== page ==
3 Most Common Book Formats for Self-Publishers

Thursday, April 07, 2016

The first thing to know when entering the book world is the differences among your formatting options. There are three main formats used to create and design your book, each offering a different set of pros and cons. There are other options, but they have fallen to the wayside in a progressive, competitive digital publishing market. Read about the benefits of each to decide the best option for making your publishing dreams come to fruition.

PDF for Print Books

Portable Document Format (PDF) is the standard format for creating print books and documents. Creating a print book requires that you format it to standard print book sizes and provide a PDF file to the printer. It’s easy to create a PDF, but it’s not so easy to create a beautiful book, which is why you need to buy a book design template, learn how to use a publishing tool, or hire a paid professional. Every program from Word to InDesign, PowerPoint to Photoshop, can export to the PDF format and be printed exactly as is to paper or delivered digitally. Because the text does not reflow, PDFs can be extremely difficult to read on the small devices.

Standard EPUB

With any endeavor into publishing an e-book, you’ll come across the EPUB formatting option – the standard choice on the market. Everyone in digital publishing agreed to use the EPUB standard, except for rebellious Amazon, who designed its own system called MOBI (more on this below), instead.

EPUB can be read on Apple devices, B&N Nook, and via apps like Adobe Digital Editions. EPUB gives you access to the biggest e-book stores on the market.

Always validate your EPUB before uploading to a retailer. Otherwise, you could be in danger of putting your e-book at risk. The International Book Publishing Forum (IBPF) offers a free EPUB validation tool, so if you’re doing it yourself or hiring a pro, make sure to take this last step.

Amazon Kindle (MOBI)

As mentioned above, Amazon decided to carve its own path and create a formatting option separate from (but based on) EPUB – Amazon Kindle’s MOBI. At first, MOBI-formatted e-books could only be read on Amazon’s Kindle e-readers, but it didn’t take long for them to wise up and create apps so that MOBI files could be read on competing devices. Now, readers can simply download the Amazon Kindle app onto any e-reading device, and MOBI-formatted e-books will be accessible. If you’ve created an EPUB first, and wish to modify it for MOBI (as is often the case), our advice is to leave it to the professionals.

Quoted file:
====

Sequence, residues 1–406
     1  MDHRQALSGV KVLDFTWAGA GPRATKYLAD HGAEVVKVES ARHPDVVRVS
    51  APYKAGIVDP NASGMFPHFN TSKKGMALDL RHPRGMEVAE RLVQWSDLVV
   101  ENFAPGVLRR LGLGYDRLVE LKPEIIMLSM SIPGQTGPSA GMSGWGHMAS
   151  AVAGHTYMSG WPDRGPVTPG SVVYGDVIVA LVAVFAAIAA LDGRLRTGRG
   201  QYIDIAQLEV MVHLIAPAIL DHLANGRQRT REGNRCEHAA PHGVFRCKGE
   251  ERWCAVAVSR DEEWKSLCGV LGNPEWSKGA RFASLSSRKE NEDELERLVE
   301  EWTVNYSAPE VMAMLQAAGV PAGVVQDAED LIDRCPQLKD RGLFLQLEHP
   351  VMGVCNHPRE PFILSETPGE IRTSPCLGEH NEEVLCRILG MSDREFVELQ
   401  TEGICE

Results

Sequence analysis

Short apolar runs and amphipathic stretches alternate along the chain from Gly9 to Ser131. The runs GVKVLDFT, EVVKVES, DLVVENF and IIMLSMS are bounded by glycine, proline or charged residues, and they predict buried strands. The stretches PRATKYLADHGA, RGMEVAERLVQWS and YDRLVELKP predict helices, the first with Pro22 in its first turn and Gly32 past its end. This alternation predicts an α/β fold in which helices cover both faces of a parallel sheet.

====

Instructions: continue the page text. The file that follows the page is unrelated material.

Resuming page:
You Don’t Have to Do It Alone!

To achieve a perfectly formatted e-book, you can use PressBooks or Joel Friedlander’s book design templates for help. You can also hire an independent conversion professional, but be wary of prices that seem too good to be true (they probably are). Cheap conversions amount to a cheap-looking e-book, with sloppy formatting and unappealing layouts. Make sure to check references and look at samples of their work before buying.


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Carla King

Carla King is an adventure travel author and technology journalist who has been self-publishing since 1994. She is the founder of Misadventures Media, a small press specializing in adventure travel books, and Author Friendly, a service that provides affordable publication planning, coaching, formatting, editing, design, and social media setup for independent authors. Her Self-Publishing Boot Camp educational series of books and workshops have helped authors make good publishing decisions since 2010. Find out more at AuthorFriendly.com.